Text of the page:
TIG (Tungsten Inert Gas)
The process of arc welding with infusible electrode with the protection of inert gas (TIG or GTAW) is an autogenous welding process for fusion in which the heat source is an electric arc produced between an electrode and the workpiece.
- Arc stability
- Visibility of welding bath because there is no filler material
- Highly concentrated heat source (minimum heat input) compared to oxyacetylene welding
- Good for thin materials
- Excellent cleaning of the joint
- Can be automated
- Low productivity
- Need for accurate couplings
MIG - MAG
MIG (Metal-arc Inert Gas) / MAG (Metal-arc Active Gas)
The arc welding process with wire under inert gas protection is an autogenous welding process for fusion in which the heat source is an electric arc produced between a fuse wire and the workpiece.
The only difference between MIG and MAG is the gas used to protect the welding bath.
- Flexible and versatile process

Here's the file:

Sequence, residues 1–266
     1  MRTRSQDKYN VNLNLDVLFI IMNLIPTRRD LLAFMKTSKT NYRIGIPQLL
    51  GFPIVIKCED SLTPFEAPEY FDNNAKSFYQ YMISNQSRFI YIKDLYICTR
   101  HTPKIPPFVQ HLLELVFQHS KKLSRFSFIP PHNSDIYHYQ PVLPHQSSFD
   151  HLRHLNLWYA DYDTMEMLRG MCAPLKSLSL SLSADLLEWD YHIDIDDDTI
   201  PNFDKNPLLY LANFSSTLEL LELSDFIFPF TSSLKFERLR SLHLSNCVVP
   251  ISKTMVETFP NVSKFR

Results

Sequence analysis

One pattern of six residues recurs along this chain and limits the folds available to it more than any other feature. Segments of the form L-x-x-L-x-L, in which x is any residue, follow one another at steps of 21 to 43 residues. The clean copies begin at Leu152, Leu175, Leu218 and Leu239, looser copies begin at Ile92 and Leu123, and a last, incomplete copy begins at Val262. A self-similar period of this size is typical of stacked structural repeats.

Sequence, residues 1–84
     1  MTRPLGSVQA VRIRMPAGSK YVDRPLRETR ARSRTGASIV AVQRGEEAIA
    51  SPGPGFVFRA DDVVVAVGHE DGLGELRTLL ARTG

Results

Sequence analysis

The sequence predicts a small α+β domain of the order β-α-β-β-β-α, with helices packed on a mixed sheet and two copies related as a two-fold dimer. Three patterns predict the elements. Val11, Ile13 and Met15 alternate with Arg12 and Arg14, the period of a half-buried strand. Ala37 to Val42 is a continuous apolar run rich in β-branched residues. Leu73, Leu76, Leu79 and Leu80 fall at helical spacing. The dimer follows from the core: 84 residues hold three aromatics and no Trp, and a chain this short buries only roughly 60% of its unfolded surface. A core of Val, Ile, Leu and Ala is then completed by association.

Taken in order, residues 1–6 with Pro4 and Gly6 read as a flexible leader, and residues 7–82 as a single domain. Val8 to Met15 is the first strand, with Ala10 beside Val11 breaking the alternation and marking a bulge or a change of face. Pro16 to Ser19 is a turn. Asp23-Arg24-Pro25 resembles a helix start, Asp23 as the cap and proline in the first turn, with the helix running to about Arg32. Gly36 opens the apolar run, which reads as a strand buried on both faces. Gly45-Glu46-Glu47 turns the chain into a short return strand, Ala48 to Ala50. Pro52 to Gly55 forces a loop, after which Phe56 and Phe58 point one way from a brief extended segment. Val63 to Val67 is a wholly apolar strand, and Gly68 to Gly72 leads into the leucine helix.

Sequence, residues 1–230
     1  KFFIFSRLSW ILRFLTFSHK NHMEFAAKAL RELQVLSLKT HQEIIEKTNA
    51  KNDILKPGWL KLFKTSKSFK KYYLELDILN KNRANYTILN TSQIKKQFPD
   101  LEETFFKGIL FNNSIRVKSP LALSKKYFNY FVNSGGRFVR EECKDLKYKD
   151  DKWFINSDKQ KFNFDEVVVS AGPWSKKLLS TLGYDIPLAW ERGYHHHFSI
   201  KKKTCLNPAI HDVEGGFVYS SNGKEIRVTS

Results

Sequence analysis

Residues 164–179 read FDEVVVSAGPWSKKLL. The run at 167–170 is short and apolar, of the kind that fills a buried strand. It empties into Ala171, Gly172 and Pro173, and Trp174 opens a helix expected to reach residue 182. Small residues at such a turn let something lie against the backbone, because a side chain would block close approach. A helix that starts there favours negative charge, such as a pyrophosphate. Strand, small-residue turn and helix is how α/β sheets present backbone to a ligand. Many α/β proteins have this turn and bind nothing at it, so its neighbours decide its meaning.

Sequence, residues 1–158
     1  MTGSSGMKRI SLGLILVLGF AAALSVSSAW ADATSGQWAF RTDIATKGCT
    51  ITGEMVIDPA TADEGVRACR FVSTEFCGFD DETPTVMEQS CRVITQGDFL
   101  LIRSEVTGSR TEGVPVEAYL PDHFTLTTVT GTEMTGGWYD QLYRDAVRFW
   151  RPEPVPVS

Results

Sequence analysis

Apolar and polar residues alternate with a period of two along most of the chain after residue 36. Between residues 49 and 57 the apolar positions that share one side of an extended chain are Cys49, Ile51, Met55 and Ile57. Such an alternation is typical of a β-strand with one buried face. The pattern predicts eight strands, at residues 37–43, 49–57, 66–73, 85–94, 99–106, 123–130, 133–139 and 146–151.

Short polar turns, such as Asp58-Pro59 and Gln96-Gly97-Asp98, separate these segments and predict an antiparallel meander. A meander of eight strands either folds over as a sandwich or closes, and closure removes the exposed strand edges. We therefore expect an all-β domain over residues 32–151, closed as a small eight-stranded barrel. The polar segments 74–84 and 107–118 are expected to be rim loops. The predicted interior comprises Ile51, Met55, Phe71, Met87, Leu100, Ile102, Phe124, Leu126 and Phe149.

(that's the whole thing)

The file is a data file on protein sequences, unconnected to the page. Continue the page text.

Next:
- Easily automated
- Provides a high deposition rate (5 ÷ 20 Kg/h)
- Welding almost all ferrous and non-ferrous materials
- High welding quality
- No production of welding swarf
- High productivity
- Presence of welding spatter
- Cannot be used on thin substances
Robotic MIG - MAG
The robotic MIG/MAG welding procedure can be completely automated:
+ Main advantages
- Robotic welding system
- Automatic machines in production lines
- Dedicated equipment for high productivity
Many applications of robotics and automation in welding have been developed and are actively used throughout the world.
In the latest statistics, 30% of robots in the world are used in welding—27% in Europe and 19% in Italy.